Such is the story; with no line softened or hardened to my inclining. It certainly is not a story to please, but to pain. It is not a story to increase our sense of social safety and security, but to fill the imagination with wild and troubled fancies of doubt and danger. It was a sudden and startling surprise to the people of Harper's Ferry, and it is not easy to conceive of a situation more abundant in all the elements of horror and consternation. They had retired as usual to rest, with no suspicion that an enemy lurked in the surrounding darkness. They had quietly and trustingly given themselves up to "tired Nature's sweet restorer, balmy sleep," and while thus all unconscious of danger, they were roused from their peaceful slumbers by the sharp crack of the invader's rifle, and felt the keen-edged sword of war at their throats, three of their number being already slain.
Every feeling of the human heart was naturally outraged at this occurrence, and hence at the moment the air was full of denunciation and execration. So intense was this feeling, that few ventured to whisper a word of apology. But happily reason has her voice as well as feeling, and though slower in deciding, her judgments are broader, deeper, clearer and more enduring. It is not easy to reconcile human feeling to the shedding of blood for any purpose, unless indeed in the excitement which the shedding of blood itself occasions. The knife is to feeling always an offence. Even when in the hands of a skillful surgeon, it refuses consent to the operation long after reason has demonstrated its necessity. It even pleads the cause of the known murderer on the day of his execution, and calls society half criminal when, in cold blood, it takes life as a protection of itself from crime. Let no word be said against this holy feeling; more than to law and government are we indebted to this tender sentiment of regard for human life for the safety with which we walk the streets by day and sleep secure in our beds at night. It is nature's grand police, vigilant and faithful, sentineled in the soul, guarding against violence to peace and life. But whilst so much is freely accorded to feeling in the economy of human welfare, something more than feeling is necessary to grapple with a fact so grim and significant as was this raid. Viewed apart and alone, as a transaction separate and distinct from its antecedents and bearings, it takes rank with the most cold-blooded and atrocious wrongs ever perpetrated; but just here is the trouble—this raid on Harper's Ferry, no more than Sherman's march to the sea can consent to be thus viewed alone.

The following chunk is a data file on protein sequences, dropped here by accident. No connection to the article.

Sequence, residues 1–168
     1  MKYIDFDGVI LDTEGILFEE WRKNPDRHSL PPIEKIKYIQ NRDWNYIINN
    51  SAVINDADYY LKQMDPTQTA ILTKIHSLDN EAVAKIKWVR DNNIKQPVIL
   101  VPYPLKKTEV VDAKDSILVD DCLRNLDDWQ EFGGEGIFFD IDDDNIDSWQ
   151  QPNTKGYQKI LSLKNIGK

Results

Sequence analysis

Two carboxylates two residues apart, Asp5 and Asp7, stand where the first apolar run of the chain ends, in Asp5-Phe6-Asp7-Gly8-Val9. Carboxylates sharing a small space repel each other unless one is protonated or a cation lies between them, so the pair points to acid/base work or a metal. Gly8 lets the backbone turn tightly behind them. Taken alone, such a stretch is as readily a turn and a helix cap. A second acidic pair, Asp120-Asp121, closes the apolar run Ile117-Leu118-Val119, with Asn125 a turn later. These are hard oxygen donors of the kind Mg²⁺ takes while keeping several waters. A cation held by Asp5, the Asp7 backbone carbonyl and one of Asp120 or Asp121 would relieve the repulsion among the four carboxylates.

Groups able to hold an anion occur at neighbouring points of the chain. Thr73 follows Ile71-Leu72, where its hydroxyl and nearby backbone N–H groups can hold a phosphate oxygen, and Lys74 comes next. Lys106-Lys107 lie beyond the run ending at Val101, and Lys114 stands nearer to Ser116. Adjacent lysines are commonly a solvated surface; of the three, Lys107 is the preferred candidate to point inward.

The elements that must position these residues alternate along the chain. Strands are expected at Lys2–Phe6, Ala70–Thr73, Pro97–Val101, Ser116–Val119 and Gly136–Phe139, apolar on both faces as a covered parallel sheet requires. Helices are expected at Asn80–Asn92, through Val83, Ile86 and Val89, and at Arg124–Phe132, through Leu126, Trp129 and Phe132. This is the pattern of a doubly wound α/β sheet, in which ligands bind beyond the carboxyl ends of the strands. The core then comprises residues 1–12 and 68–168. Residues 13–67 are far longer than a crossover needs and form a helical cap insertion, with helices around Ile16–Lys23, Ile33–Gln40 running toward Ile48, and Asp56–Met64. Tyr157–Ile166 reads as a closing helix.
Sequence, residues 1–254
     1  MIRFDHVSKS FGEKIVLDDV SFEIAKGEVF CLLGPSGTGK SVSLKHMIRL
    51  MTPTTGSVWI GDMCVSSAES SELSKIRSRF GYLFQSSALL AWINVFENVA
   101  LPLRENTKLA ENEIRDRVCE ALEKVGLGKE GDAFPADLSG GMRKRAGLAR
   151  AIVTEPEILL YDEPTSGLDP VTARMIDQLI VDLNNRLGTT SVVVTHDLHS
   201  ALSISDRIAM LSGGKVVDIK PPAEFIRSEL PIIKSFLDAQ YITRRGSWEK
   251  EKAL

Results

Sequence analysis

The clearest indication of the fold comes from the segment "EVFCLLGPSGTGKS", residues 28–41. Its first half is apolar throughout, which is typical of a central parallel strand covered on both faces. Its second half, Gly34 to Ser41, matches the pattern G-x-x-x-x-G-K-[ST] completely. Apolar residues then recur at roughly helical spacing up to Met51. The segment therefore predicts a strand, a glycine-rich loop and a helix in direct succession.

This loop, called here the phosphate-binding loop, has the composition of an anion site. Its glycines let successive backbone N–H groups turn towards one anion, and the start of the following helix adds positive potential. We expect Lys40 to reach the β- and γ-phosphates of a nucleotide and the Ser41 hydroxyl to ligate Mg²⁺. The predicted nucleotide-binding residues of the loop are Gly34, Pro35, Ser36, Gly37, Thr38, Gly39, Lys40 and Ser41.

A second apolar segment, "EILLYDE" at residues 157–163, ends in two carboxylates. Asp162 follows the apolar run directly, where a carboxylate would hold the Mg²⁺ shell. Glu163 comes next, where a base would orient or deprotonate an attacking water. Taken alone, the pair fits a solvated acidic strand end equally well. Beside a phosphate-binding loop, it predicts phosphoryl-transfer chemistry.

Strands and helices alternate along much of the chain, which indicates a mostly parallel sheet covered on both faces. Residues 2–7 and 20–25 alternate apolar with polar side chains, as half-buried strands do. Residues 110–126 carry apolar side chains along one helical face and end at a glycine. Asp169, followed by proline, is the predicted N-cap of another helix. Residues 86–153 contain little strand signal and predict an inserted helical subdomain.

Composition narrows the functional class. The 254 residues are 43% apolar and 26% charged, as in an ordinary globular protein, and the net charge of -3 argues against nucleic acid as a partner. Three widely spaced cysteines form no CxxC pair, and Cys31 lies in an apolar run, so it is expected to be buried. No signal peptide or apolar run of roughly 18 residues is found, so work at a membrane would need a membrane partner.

There is, in the world's government, a force which has in all ages been recognized, sometimes as Nemesis, sometimes as the judgment of God and sometimes as retributive justice; but under whatever name, all history attests the wisdom and beneficence of its chastisements, and men become reconciled to the agents through whom it operates, and have extolled them as heroes, benefactors and demigods.
To the broad vision of a true philosophy, nothing in this world stands alone. Everything is a necessary part of everything else. The margin of chance is narrowed by every extension of reason and knowledge, and nothing comes unbidden to the feast of human experience. The universe, of which we are a part, is continually proving itself a stupendous whole, a system of law and order, eternal and perfect: Every seed bears fruit after its kind, and nothing is reaped which was not sowed. The distance between seed time and harvest, in the moral world, may not be quite so well defined or as clearly intelligible as in the physical, but there is a seed time, and there is a harvest time, and though ages may intervene, and neither he who ploughed nor he who sowed may reap in person, yet the harvest nevertheless will surely come; and as in the physical world there are century plants, so it may be in the moral world, and their fruitage is as certain in the one as in the other. The bloody harvest of Harper's Ferry was ripened by the heat and moisture of merciless bondage of more than two hundred years. That startling cry of alarm on the banks of the Potomac was but the answering back of the avenging angel to the midnight invasions of Christian slave-traders on the sleeping hamlets of Africa. The history of the African slave-trade furnishes many illustrations far more cruel and bloody.
Viewed thus broadly our subject is worthy of thoughtful and dispassionate consideration. It invites the study of the poet, scholar, philosopher and statesman. What the masters in natural science have done for man in the physical world, the masters of social science may yet do for him in the moral world. Science now tells us when storms are in the sky, and when and where their violence will be most felt. Why may we not yet know with equal certainty when storms are in the moral sky, and how to avoid their desolating force? But I can invite you to no such profound discussions. I am not the man, nor is this the occasion for such philosophical enquiry. Mine is the word of grateful memory to an old friend; to tell you what I knew of him—what I knew of his inner life—of what he did and what he attempted, and thus if possible to make the mainspring of his actions manifest and thereby give you a clearer view of his character and services.